If It Weren’t for the War brings together Allan Harding MacKay and Dick Averns (contemporary official war artists), Tim Whiten (a Vietnam Veteran) and Tina Poplawski (whose family was interned in Siberian gulags during the Second World War, suffering post traumatic stress that was visited upon subsequent generations in her family).  Each of these artists will draw upon their personal experiences to create work responding to the theme.

Curated by Virginia Eichhorn, Director and Chief Curator

REUBEN JUKES (1887-1959), Writing Home (France), L/C Knight of A Coy. 20th Bn., Writing Letter 1918, 1918, watercolour on paper mounted on card, Courtesy of Donald Jukes

September 21st, 2014 to January 11th 2015

The Art of Private Jukes 

While overseas during the Great War, many soldiers documented their experiences in journals, letters home and in drawings.  Private Jukes was one such young man.  During his time of service he created hundreds of drawings, watercolours and pen and ink sketches depicting not only battle scenes and their aftermath but also moments of pastoral beauty that could still be found in the French countryside.

Curated by Robert Alton, Exhibitions Coordinator

J. C. HEYWOOD, Japan Paper with Ink 1982, ink with chine colle on paper (ed. # 4/40 lithograph), Gift of Lynn and Stephen Smart, 1994

September 21st, 2014 to January 11th 2015

Autumn Colours, Selections from the Gallery’s Collection

Of all the visual elements of art, colour has the most immediate impact on us. Our reaction to it is complex, and has been a subject of considerable study by artists and psychologists. This autumn, we showcase the artists’ use of a single colour to create that big impact.

Curated by Aly Mulvaney-Courtois with David Huff, Curator of Collections

WILLIAM RONALD (1926—1998), Two Nudes, 1962, oil on canvas, Courtesy of Christopher Cutts Gallery

May 30th to September 14th 2014

William Ronald & Alexandra Luke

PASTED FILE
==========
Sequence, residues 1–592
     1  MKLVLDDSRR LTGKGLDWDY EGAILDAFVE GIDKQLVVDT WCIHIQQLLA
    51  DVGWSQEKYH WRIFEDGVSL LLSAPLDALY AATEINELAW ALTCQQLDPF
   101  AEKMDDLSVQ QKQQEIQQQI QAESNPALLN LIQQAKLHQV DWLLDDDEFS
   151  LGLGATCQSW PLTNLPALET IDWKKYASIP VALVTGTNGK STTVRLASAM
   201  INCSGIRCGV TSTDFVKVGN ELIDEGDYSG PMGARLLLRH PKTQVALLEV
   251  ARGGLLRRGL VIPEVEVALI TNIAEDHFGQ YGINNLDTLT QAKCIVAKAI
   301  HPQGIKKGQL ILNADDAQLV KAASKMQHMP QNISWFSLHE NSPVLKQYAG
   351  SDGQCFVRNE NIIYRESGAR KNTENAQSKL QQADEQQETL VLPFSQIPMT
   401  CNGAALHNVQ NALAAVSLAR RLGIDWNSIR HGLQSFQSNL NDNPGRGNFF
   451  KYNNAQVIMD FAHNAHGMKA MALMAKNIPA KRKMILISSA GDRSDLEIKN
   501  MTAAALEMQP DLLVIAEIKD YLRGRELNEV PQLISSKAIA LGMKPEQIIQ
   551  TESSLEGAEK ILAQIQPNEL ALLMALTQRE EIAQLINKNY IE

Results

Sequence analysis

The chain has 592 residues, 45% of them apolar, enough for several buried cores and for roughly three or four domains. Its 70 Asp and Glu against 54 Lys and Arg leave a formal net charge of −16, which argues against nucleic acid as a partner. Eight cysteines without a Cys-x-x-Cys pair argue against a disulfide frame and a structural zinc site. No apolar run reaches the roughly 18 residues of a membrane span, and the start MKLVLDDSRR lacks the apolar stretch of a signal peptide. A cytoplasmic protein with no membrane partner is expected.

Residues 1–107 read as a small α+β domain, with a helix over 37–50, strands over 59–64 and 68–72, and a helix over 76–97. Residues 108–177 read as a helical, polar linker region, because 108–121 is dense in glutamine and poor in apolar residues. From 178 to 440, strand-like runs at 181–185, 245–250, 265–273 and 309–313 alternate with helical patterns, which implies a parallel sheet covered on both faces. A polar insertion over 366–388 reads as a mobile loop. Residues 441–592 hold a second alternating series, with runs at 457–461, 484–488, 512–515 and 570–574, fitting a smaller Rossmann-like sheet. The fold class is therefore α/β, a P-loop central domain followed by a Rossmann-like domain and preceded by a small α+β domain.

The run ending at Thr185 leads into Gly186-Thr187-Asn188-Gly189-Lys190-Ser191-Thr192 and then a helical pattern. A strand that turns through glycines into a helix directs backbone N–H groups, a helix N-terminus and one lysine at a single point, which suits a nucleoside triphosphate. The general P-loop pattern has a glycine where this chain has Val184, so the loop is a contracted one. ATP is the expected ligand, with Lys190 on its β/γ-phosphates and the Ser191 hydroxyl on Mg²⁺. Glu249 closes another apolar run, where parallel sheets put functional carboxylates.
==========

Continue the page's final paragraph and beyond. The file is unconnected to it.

Works by William Ronald, who was the driving force behind the formation in 1953 of the Painters Eleven, a group that introduced abstraction to Canadian art, and Alexandra Luke, an artist who organized the Canadian Abstract Exhibition which lead to the formation of the Painters Eleven.  The exhibition will focus on works that remain in the family – and will underscore the tension and difficulties in maintaining an artistic practice and balancing a family life as well.

Curated by Virginia Eichhorn, Director and Cheif Curator

ANN MARIE MacDONALD, The Homefront, 2014, Installation Photo

May 30th to September 14th 2014

The Homefront

The Homefront is an installation by Ann Marie Hadcock which uses the stories of the women left behind when the men went off to war, as her source of inspiration.

A large-scale installation of knitted socks to represent the women who knitted socks for soldiers in WWI.

Handwritten letters from the department at McMaster University Libraries written between Marion Simpson’s knitters and soldiers during WWI will be displayed to give more context to the installation.

Curated by Heather Hughes, Curator of Temporary Exhibitions

JAMES W. BEATTY (1869-1941), Loraine, 1931, oil on canvas, Gift of Dr. & Mrs. G.W. Archibald, 1983

May 30th to September 14th 2014

Into the Woods

Bringing domesticity to the wilds.

Curated by David Huff, Curator of Collections and Robert Alton Exhibitions Coordinator




January 12 to March 23, 2014

Har-Prakash Khalsa: Turn Towards, Turn Away

Artist’s talk January 12, 1:00 pm

Curated by Virginia Eichhorn, Director and Chief Curator

Har-Prakash Khalsa is interested in the inner and outer causes and conditions that keep us fascinated and repelled by what some might call “dark” or “difficult” subject matter. This exhibition questions how can we personally contemplate the nature of evil, or death, or war? What happens viscerally to us when we voluntarily turn towards and rub up against these topics with an open heart, with consciousness and willingness to change?


Setting: land

Artist’s talk with Kevin Lee Burton, Saturday January 11 at 1:00 pm

Curated by Suzanne Morrissette

Setting: land brings together works by four artists – Kevin Lee Burton (Winnipeg, Manitoba), Kaoru Ryan Klatt (Winnipeg, Manitoba), Kade Twist (Phoenix, Arizona), and Anna Tsouhlarakis (Washington, DC). Through their video and installation-based artworks, each artist considers land as both a source of inspiration and a setting for enacting stories and experiences.

The Thunder Bay Art Gallery gratefully acknowledges Ontario Arts Council Aboriginal Curatorial Projects Touring program.


Thomson & Jackson – An Artistic Dialogue

Selections from the Collection

Curated by David Huff, Curator of Collections

Tom Thomson and A. Y. Jackson first meet in November of 1913. With similar artistic dreams and limiting financial constraints, they started sharing work space in January 1914 in the newly opened Studio Building. Thomson taught Jackson about canoe trips and fishing; Jackson taught Thomson about painting and colour. Their influence on each other over subsequent years can be seen in each other’s art work. Jackson’s quote “this thing is of too great importance to miss” is memorialized in a sculpture by Micah Lexier on the top of the Gallery.